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IAEA Mission Recognizes Canada’s Robust Regulatory Framework for Safety, Encourages Continued Improvements

Ottawa, Canada
Flag of Canada.

Flag of Canada (Jared Grove/Wikipedia)

An International Atomic Energy Agency (IAEA) team of experts said Canada has a comprehensive and robust regulatory framework for nuclear and radiation safety. The team also encouraged continued efforts to further align regulatory policies with the IAEA safety standards.

The Integrated Regulatory Review Service (IRRS) follow-up mission was conducted from 4 to 10 June at the request of the Government of Canada and hosted by the Canadian Nuclear Safety Commission (CNSC). The team found that Canada has addressed most of the four recommendations and 16 suggestions made during the initial IRRS mission in 2019.

Using IAEA safety standards and international good practices, IRRS missions are designed to strengthen the effectiveness of the national legal and regulatory infrastructures while recognizing the responsibility of each country to ensure nuclear and radiation safety.

The IRRS team – comprised of 7 regulatory experts from 7 IAEA Member States, and three IAEA staff members – met with the CNSC and other representatives from Natural Resources Canada and Health Canada at CNSC headquarters in Ottawa during the seven-day follow-up mission.

Canada has a comprehensive nuclear safety regulatory framework covering facilities and activities. Its 19 operating nuclear power reactors – situated at four sites – generate about 13 per cent of Canada’s electricity. Canada also has uranium mines and mills, processing and fuel fabrication facilities, and waste storage sites. Canada also uses radiation sources in medical, industrial, scientific, and research applications, and has five research reactors.

The IRRS team said Canada strives to continuously upgrade its regulatory framework to address new challenges and upcoming technologies such as the development of small modular reactors and repositories for radioactive waste.

“The team recognizes the hard work and progress in strengthening the regulatory framework on nuclear, waste, and transport safety in Canada,” said Mission Team Leader, Ritva Bly, Principal Advisor, Finnish Radiation and Nuclear Safety Authority, STUK. “The joint efforts of CNSC, Natural Resources Canada, and Health Canada have further enhanced radiation safety.”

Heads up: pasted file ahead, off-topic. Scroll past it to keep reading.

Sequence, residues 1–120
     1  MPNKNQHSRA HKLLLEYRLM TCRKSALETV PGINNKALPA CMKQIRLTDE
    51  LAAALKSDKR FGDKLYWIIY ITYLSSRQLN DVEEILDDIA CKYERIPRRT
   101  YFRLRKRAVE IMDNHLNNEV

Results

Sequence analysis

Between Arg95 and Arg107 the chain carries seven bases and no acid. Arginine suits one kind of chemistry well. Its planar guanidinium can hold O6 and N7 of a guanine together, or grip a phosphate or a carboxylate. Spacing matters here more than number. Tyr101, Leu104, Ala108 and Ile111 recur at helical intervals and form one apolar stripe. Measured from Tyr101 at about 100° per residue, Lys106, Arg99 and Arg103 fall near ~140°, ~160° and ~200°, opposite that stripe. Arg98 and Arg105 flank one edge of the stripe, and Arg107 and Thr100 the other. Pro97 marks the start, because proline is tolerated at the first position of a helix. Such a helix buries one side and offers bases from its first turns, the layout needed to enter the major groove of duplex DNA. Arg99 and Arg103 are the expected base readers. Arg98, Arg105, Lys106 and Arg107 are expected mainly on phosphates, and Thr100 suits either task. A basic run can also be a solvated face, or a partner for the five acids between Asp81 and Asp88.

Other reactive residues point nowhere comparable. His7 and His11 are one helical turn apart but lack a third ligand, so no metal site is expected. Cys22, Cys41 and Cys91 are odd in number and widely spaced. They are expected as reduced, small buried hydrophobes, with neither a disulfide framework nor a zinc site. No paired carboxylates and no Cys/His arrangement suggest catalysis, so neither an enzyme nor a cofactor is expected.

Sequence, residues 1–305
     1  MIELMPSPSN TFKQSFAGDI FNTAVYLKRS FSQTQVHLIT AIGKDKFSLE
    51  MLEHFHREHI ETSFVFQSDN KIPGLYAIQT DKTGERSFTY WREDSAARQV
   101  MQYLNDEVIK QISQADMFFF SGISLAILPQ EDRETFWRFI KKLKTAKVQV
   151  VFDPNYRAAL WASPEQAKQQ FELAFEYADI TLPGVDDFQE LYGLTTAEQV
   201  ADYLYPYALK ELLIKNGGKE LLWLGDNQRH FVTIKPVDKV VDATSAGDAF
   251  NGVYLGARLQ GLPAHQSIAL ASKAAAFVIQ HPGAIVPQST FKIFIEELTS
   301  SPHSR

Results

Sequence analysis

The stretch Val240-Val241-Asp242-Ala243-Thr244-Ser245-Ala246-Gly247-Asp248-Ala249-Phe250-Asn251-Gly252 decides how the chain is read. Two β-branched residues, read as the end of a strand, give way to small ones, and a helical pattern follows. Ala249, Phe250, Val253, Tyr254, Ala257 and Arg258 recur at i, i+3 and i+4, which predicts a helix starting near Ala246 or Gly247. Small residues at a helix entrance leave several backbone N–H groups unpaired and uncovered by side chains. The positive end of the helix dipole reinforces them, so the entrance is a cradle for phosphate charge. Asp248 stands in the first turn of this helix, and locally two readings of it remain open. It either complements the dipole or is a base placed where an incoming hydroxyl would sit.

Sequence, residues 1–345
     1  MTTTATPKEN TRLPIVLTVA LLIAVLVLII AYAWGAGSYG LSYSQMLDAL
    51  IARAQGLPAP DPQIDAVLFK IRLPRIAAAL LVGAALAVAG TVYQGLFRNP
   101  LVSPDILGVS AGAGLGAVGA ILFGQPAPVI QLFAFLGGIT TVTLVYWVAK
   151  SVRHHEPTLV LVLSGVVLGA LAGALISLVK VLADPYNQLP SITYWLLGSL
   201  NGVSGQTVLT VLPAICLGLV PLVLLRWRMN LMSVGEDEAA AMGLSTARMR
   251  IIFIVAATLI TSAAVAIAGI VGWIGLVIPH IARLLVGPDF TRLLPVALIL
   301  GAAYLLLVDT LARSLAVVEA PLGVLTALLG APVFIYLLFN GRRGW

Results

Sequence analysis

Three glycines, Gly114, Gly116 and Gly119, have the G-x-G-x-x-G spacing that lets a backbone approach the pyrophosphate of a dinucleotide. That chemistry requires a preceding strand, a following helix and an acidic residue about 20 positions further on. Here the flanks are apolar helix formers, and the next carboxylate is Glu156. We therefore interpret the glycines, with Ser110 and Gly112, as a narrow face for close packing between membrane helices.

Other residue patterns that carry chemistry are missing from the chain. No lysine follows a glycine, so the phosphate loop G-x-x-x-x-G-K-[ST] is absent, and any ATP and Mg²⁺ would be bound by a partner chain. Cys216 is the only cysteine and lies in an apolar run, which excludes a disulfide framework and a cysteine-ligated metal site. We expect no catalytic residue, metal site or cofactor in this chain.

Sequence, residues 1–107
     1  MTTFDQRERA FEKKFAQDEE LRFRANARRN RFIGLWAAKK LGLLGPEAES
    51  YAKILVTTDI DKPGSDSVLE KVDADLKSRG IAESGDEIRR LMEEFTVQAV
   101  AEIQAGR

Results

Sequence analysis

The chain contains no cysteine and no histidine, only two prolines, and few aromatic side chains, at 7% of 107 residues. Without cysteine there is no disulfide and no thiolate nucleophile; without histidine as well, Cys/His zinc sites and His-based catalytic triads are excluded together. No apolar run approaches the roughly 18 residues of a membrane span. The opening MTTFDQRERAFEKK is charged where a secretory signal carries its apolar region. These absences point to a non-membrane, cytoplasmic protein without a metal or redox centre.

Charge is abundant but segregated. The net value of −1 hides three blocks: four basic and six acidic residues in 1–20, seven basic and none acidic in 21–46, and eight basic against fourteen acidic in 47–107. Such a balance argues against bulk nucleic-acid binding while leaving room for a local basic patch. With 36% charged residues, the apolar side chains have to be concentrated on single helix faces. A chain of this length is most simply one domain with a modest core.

The CNSC human resources plan was recognized as a good performance. The team said it clearly and transparently addresses challenges and risks and includes a wide range of diverse strategies and actions, as well as performance indicators to track and measure outcomes in line with the organization's strategic objectives.

Of the 4 recommendations and 16 suggestions made in 2019, 2 recommendations and 10 suggestions have been closed. Notable achievements have been made in: 

  • The radioactive waste management framework through the publication of the Integrated Strategy for Radioactive Waste and the revision of Canada’s Policy for Radioactive Waste Management and Decommissioning.
  • The conduct and processes for inspections of facilities and activities through further formalization of the CNSC programme guidance.
  • The consolidation of CNSC’s safety policy elements and the development of a process for performing regulatory policy review and analysis.
  • The revision and publication of regulatory and guidance documents in the areas of the transport of nuclear and radioactive materials and fuel cycle facilities, so that they are consistent with IAEA safety standards.

The team highlighted the remaining areas identified by the initial mission for alignment with the IAEA safety standards. These areas include:

  • Explicit justification of facilities and activities whereby radiation risks must be considered in terms of the overall benefit, in line with IAEA safety standards;
  • Full alignment of Radiation Protection Regulations with IAEA safety standards;
  • Implementation of constraints on dose or on risk, to be used in the optimization of protection for members of the public for nuclear facilities.

Speaking at the closing session of the mission, Anna Hajduk Bradford, Director of the IAEA Division of Nuclear Installation Safety, emphasized the collaborative spirit of the mission. “This comprehensive review underscores the commitment of Canada to enhancing its nuclear and radiation safety measures,” she said. “I commend Canada for requesting the mission.”

“The comprehensive review conducted by the IAEA IRRS team during this follow up mission has validated the effectiveness of Canada’s regulatory framework for nuclear and radiation safety,” said Ramzi Jammal, acting Chief Executive Officer of the Canadian Nuclear Safety Commission. “More importantly, the resulting assessment from this diverse team of nuclear and radiation safety experts has provided us with different views and perspectives to help ensure our standards remain aligned with international best practices. The hard work we dedicated toward closing the mission’s recommendations and suggestions led to many enhancements, including the modernization of our radioactive waste management and decommission policy, a testament to our commitment to enhancing the safety, security and safeguard frameworks in Canada.”

The final mission report will be provided to the Government in about three months.

IAEA safety standards

The IAEA safety standards provide a robust framework of fundamental principles, requirements and guidance to ensure safety. They reflect an international consensus and serve as a global reference for protecting people and the environment from the harmful effects of ionizing radiation.

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